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UBC Reports Mar 2, 1958

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Vol. 4, No. 4
February, 1958
Roy Jessiman, of Thompson, Berwick and Pratt, University architects, points to the new roadway east of Marine
Drive planned in future development of the campus. With Mr. Jessiman are Dean G. C. Andrew (left), T. S. Hughes,
chairman of the development plan committee (far right) and President N. A. M. MacKenzie.
campus of the future
Long range development revealed
Long range plans for the future development of the University of B.C. were revealed in the middle of
the current drive for $7.5 million for capital development. The plan, which officials say will cost about
$3_) million in the next ten years calls for: -	
Value of BA
forum topic
A free public forum on the humanities and the social sciences, sponsored
by the University, will be staged in
Georgia Auditorium,  March   11.
Title of the forum is "What Good
is a BA?"
University officials decided to proceed with the forum following numerous telephone calls and letters to
the University requesting it. "There
is a decided interest on the part of
the general public in discussions of
this sort," said Dean G. C. Andrew,
deputy to the president.
Purpose of the forum, Dean Andrew added, is to explain the career
opportunities and personal values
which can result from an education
in the humanities and the social
sciences.
This is the second such forum sponsored by the University since the
beginning of the year. First was a
panel on "Science and Higher Education."
1. The elimination of all vehicular
traffic from 120 acres at the heart
of the University to create a "walking
campus" and eliminate traffic problems.
2. Establishment of a perimeter road
system around the central 350 acres
of the campus with numerous parking
lots on the outskirts to accommodate
an estimated 6800 cars by 1966-67.
3. General expansion of the campus
on undeveloped land to the south
and construction of teaching facilities
for an estimated student body of
more than 15,000 and residences capable of housing 25 per cent of student
enrolment.
The plan, in preparation foralmost
two years, is based on statistical information prepared by the Bureau of
Statistics, the provincial Department
of Education and data supplied by
Canadian and American universities.
Plan was developed by University
architects Thompson, Berwick and
Pratt, working under the direction of
the development committee chaired
by T. S. Hughes, superintendent of
buildings and grounds.
Public gifts
swell Fund
The UBC Development Fund stood
at just over $5.5 million at press time
with Alumni committees throughout
the province- still to report.
"It is these small donations that will
put us over the top," Paul Cooper,
general chairman of the Fund which
aims to raise $7.5 million for capital
development at UBC, said.
"We still have a long way to go,"
Mr. Cooper added, "but I am confident that the efforts of community
chairmen will result in our reaching
the objective."
At a special luncheon on Saturday,
March 1, which will be part of UBC
Open House celebrations, Development Fund officials hope to be able
to announce that the drive has gone
over the top.
Development Fund officials have
asked members of the general public
wishing to contribute to the Fund to
telephone Development Fund headquarters at MUtual 3-7651.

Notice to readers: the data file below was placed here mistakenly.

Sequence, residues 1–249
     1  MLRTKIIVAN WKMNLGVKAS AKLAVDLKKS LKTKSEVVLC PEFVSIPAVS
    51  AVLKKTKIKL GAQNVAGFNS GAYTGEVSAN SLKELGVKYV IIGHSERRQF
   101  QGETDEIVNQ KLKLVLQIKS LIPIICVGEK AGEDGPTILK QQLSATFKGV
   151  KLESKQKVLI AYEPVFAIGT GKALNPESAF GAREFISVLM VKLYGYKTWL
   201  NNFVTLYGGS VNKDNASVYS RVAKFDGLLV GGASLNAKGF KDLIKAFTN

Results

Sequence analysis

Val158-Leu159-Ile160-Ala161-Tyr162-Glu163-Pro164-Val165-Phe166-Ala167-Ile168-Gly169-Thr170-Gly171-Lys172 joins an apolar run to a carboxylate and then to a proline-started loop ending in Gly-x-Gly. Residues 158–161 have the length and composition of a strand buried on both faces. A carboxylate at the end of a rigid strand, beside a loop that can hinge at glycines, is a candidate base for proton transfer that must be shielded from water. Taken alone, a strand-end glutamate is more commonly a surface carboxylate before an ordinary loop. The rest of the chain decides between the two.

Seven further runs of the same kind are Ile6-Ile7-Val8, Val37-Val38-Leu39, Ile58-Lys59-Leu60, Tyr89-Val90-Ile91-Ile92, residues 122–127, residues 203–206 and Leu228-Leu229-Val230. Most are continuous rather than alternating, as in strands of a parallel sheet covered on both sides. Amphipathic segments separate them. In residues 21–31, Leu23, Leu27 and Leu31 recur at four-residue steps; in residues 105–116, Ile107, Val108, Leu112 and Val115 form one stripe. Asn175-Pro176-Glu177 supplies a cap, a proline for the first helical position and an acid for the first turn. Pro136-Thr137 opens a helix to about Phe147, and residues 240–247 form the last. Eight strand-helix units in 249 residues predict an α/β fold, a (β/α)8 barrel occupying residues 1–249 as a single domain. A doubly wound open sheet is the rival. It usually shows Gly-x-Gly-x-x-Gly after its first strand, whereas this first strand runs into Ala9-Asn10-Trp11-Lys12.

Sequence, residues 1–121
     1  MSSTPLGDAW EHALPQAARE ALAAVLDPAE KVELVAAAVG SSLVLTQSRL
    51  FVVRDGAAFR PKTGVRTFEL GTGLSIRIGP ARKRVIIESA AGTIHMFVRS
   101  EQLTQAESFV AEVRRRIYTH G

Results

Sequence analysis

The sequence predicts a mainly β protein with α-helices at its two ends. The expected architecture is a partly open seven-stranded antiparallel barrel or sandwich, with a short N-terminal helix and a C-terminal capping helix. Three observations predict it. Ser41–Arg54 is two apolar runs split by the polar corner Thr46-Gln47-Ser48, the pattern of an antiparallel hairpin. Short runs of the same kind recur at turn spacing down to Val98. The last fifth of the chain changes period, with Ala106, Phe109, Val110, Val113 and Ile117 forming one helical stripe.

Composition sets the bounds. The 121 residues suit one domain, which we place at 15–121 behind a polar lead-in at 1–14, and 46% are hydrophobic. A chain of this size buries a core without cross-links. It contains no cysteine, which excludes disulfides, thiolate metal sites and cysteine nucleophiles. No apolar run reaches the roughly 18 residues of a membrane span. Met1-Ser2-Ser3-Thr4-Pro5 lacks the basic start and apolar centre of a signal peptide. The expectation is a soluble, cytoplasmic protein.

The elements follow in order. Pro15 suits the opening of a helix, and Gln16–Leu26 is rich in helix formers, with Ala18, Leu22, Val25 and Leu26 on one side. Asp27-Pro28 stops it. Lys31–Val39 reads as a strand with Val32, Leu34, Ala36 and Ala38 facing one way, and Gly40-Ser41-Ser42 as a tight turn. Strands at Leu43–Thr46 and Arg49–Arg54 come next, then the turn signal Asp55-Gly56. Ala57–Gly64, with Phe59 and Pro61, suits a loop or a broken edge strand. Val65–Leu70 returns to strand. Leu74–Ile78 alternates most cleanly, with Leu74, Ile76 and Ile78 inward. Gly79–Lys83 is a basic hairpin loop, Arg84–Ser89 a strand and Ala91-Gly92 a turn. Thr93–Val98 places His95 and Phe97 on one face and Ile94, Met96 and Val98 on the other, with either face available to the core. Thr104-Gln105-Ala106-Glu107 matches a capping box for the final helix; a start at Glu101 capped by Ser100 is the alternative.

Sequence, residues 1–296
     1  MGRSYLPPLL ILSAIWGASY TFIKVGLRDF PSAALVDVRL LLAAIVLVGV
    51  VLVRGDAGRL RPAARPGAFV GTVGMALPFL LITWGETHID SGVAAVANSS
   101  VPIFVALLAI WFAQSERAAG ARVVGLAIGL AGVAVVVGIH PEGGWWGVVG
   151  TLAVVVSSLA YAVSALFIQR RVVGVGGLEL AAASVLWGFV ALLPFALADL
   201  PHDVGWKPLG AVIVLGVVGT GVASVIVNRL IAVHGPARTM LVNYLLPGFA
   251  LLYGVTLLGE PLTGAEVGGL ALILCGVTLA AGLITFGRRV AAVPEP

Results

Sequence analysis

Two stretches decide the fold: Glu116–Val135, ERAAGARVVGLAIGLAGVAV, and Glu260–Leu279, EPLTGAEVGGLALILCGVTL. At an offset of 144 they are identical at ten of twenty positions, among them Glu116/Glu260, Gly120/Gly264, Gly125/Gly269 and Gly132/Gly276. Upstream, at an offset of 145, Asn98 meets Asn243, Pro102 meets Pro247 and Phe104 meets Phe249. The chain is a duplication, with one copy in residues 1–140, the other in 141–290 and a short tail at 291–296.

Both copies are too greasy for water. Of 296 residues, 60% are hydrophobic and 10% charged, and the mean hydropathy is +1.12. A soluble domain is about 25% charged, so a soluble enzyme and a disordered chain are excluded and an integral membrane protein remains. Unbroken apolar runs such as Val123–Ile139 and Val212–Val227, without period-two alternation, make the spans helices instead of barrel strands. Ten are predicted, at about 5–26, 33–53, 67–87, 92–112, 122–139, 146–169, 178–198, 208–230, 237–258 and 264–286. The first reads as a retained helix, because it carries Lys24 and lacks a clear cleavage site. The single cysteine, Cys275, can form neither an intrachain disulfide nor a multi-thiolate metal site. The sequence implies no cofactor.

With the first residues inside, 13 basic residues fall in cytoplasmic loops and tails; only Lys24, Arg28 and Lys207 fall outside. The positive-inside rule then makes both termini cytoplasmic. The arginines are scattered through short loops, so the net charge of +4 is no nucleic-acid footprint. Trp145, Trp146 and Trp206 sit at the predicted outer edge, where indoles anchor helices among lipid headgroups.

Welcome
to UBC!'
Students, faculty
prepare for 75,000
visitors to campus
UBC's two-day Open House
celebration Friday and Saturday,
February 28 and March 1, will
be a time of reminiscing and a
time of looking to the future.
A 40-minute historical film of the
period 1917-1951 depicting such
events in UBC's past as the First
Great Trek will be shown at frequent
intervals along with the recent UBC
film Tuum Est.
A pictorial display of the history
of the University and its projected
growth, graphically showing what the
campus will look like in 1965, will be
on view in the Buchanan Building.
On the more spectacular side, a
rt-enactment of Pascal's famous experiment for measuring atmospheric
pressure will be performed by students clad in period costume.
Five hundred co-eds are being recruited  to guide  the  public  to the
various   attractions.     An   eight-page  '
program will tell what to see, where
to see it, and how to get there.
EXHIBITS
A few of the exhibits being prepared for visitors include:
Model of Chalk River nuclear reactor—Chemical Engineering.
How television works — Electrical
Engineering.
Student moot courts—Law Faculty.
"How to get the most from your
food dollar"—Home Economics.
Lie Detector tests—Psychology Department.
Victoria College display.
A modern Pagoda—Chinese Varsity Club.
Machines used in the making of
tablets, emulsions and ointments—
Faculty of Pharmacy.
Skin diving in Empire Pool—9_qua
Society.
Hungarian folk dances — Sopron
students.
Open House begins at 5 p.m. Friday, Feb. 28, runs to 10 p.m., and
continues again Saturday, March 1,
from 10 a.m. to 10 p.m.
SPECIAL EVENTS
Dr. N. A. M. MacKenzie will
officiate -at opening ceremonies 7:30
p.m. Friday, on the library steps.
Model Parliament will begin at 8
p.m. with a speech from the Throne
followed by debate in Brock Hall
lounge.
Dr. S. U. Hayakawa, Japanese-
Canadian semanticist will speak at
8:30 p.m., Room 106, Buchanan
Building.
Open House luncheon will be held
Saturday at 12:30 p.m. Federal, municipal and provincial dignitaries have
been invited as special guests.
At 8:30 p.m. Saturday, Dr. N. A.
M. MacKenzie will be among speakers who will present a talk on the
future development of the University
illustrated with slides and models.
Also on Saturday night, students
and faculty will hold forth in debate
on the topic: "Resolved that there is
a place for the trade school in the
university." U.B.C.  REPORTS
February, 1958
U.B.C. REPORTS
Vol. 4 No. 4 Vancouver 8, B.C.
February, 1958
James A. Banham, editor Shirley Embra, assistant
University Information Office
Authorized as second class mail. Post Office Department, Ottawa. Published
monthly by the University of British Columbia and distributed free of charge
to friends and graduates of the University. Permission is granted for the material
appearing herein to be reprinted freely.
EDITORIAL
Night life of University